If you’ve seen all of Tested’s lengthy YouTube videos and still can’t get enough Savage, subscribing to Tested on VRV for $3.99 a month will unlock even more content.
Both Mondo and Cartoon Hangover are adult-oriented channels in the vein of Adult Swim. However, Cartoon Hangover seems a bit more “out there” compared to Mondo.
A good example of the wacky toons you can find via Cartoon Hangover is an animated show called Ape Escape. The plot of Ape Escape revolves around an evil genius named Specter. Specter’s plot to take over the world involves manipulating monkey brain waves via insidious “Pipo helmets.”
If you’re an Adventure Time fan, you may want to check out Bee and Puppycat – a series about a girl named Bee and her journeys through a hidden dimension called “Fishbowl Space.”
Bee and Puppycat is the brainchild of Natasha Allegri, the cartoonist best known for her storyboard work on Adventure Time.
Rooster Teeth is the web video production company responsible for the breakout web video hit Red vs. Blue. Red vs. Blue parodies the absurd nature of military life – and the absurd nature of life in general. Rooster Teeth co-founder Geoffrey Ramsey drew from his experience serving in the United States Army to create the dialog and storylines of Red vs. Blue.
According to a Wall Street Journal news story referenced on the Red vs. Blue Wikipedia page, San Francisco Film Society Director Graham Leggat once described Red vs. Blue as “truly as sophisticated as Samuel Beckett.”
In addition to Red vs. Blue, Rooster Teeth offers a variety of video content including gaming guides, talk shows, podcasts and behind-the-scenes clips featuring the Rooster Teeth production team.
VRV Select promotes the best content that VRV has to offer across each of its 9 channels.
The top spot on the channel when I checked it out was a show called HarmonQuest. In each episode of HarmonQuest, a group of comedians get together to play a tabletop RPG game. Portions of the game are animated in the style of The Ricky Gervais Show.
Guests players on the HarmonQuest have included former Daily Show correspondent John Hodgman, Aubrey Plaza of Parks and Recreation and stand-up comedian Patton Oswalt.
VRV Pros and Cons
Whether you buy a paid subscription or not, VRV is an excellent deal. Despite the fact that the freemium version of VRV is filled with messages that try to get you to subscribe at every turn, the wealth of free content available on the site makes it well worth exploring. If you do end up subscribing, you get a tremendous bang for your buck.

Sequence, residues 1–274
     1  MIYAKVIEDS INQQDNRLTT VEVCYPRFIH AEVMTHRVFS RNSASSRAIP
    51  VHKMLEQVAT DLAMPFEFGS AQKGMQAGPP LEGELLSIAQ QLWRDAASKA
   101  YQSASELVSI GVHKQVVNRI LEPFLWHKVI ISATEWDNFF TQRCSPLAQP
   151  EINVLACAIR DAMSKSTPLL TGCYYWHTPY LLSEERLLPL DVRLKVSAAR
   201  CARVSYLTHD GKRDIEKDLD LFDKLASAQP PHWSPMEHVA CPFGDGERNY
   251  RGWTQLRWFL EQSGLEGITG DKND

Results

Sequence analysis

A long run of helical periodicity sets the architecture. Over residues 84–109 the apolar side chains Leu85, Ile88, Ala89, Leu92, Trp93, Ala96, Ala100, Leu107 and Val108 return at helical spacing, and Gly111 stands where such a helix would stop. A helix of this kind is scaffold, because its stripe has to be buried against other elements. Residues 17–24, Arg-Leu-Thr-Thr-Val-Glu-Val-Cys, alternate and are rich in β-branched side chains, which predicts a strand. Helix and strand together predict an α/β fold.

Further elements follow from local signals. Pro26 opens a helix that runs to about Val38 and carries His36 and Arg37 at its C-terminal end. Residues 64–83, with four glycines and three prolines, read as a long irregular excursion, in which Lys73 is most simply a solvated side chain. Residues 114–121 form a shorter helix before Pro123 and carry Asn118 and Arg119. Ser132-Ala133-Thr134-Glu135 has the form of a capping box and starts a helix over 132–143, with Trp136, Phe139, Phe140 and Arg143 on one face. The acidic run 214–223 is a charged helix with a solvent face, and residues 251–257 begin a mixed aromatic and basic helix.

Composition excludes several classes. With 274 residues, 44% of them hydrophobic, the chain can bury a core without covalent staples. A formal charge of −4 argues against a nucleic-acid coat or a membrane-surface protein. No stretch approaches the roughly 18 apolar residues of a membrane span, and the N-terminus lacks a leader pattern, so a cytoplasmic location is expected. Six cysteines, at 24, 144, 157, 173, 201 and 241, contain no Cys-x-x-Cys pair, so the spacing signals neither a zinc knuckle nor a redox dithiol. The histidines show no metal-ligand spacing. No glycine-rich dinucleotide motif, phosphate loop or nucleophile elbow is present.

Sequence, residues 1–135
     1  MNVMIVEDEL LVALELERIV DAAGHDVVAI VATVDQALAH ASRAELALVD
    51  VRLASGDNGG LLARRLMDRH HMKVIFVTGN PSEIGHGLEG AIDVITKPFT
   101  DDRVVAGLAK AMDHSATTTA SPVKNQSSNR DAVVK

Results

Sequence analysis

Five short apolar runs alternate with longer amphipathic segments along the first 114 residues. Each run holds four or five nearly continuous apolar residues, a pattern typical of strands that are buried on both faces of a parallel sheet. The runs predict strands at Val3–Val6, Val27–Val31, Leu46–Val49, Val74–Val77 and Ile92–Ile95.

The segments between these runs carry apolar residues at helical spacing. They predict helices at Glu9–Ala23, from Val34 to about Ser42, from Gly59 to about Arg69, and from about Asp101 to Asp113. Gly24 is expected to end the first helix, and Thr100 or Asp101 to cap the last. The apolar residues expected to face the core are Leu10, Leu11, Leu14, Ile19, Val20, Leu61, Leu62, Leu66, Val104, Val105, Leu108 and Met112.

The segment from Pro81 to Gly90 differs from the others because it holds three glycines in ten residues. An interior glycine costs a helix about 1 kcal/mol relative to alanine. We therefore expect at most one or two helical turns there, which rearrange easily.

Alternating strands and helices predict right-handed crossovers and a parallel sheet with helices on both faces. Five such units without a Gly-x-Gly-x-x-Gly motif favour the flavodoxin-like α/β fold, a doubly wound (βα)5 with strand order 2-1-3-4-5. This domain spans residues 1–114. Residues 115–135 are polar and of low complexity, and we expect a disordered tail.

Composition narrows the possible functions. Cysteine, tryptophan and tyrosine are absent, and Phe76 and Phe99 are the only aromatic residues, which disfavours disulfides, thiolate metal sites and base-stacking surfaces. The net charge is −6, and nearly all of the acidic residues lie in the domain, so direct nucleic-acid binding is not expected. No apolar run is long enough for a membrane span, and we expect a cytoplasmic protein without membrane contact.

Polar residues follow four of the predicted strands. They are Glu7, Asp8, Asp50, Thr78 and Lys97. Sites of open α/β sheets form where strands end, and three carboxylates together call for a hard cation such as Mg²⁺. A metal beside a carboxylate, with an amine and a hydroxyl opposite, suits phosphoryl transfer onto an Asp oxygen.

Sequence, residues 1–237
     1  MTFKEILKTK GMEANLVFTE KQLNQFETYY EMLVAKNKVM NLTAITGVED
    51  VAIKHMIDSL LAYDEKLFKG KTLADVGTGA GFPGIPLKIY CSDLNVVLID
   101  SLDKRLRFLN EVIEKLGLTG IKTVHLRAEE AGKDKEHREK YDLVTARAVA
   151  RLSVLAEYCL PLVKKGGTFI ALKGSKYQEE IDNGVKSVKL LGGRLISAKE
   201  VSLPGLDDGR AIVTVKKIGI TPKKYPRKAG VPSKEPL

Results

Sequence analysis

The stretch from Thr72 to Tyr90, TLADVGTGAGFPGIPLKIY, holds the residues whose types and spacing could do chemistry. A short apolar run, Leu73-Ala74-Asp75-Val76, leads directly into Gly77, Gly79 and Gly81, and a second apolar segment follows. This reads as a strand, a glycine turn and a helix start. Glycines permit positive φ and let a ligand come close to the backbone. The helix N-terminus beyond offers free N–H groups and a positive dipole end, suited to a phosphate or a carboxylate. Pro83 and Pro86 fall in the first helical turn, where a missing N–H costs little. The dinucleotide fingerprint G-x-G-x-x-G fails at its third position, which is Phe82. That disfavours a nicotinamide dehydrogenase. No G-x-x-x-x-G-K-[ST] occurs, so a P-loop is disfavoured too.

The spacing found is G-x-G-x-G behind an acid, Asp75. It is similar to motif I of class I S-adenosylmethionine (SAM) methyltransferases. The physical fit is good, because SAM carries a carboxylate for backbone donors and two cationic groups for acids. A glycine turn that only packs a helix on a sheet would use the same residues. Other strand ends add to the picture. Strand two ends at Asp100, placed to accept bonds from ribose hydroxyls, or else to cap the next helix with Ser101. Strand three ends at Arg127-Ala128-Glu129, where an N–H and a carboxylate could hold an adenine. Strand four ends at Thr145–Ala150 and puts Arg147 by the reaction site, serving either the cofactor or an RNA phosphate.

Why I’ll Stay With VRV After My Trial Is Up
One of the things I liked best about VRV is that it’s a platform that gives an opportunity for lesser-known content makers to earn a few bucks. When you pay for other streaming services, a significant portion of your subscription fee goes straight into the pockets of lawyers and studio executives – but if you subscribe to VRV, most of the cash you spend goes directly to independent content creators.
- Excellent value.
- Lots of rare and hard-to-find content.
- Content lists help you sort through the videos.
- Plenty of free content to explore.
- Customizable subscription plans.
- Good video quality.
- Roku, iOS and Android apps are available.
- Crunchyroll subscribers can import their account.
- By subscribing, you help support indie content creators.
- The free version of VRV blasts you with constant messages to sign up for a paid account.
- The VRV catalog contains an overwhelming number of podcasts.
If you ever find yourself staring at your computer screen with no idea of what to watch next, you way want to give VRV a spin.
VRV splits the difference between YouTube content and Netflix. Netflix has high quality shows, but the lacks alternative and free content that makes VRV appealing. YouTube’s democratic video rating system sometimes allows quality videos to get lost in the shuffle. VRV’s content curation team does a pretty good job of making sure the best videos appear where people can easily discover them.
Though the majority of VRV’s catalog is marketed as a geek-centric video hub, the range of content that’s actually available on VRV might surprise you. If you have an off-beat sense of humor, appreciate odd low-budget scary movies or have even one nerdy bone in your body, you’ll likely find more than a few titles on VRV to enjoy.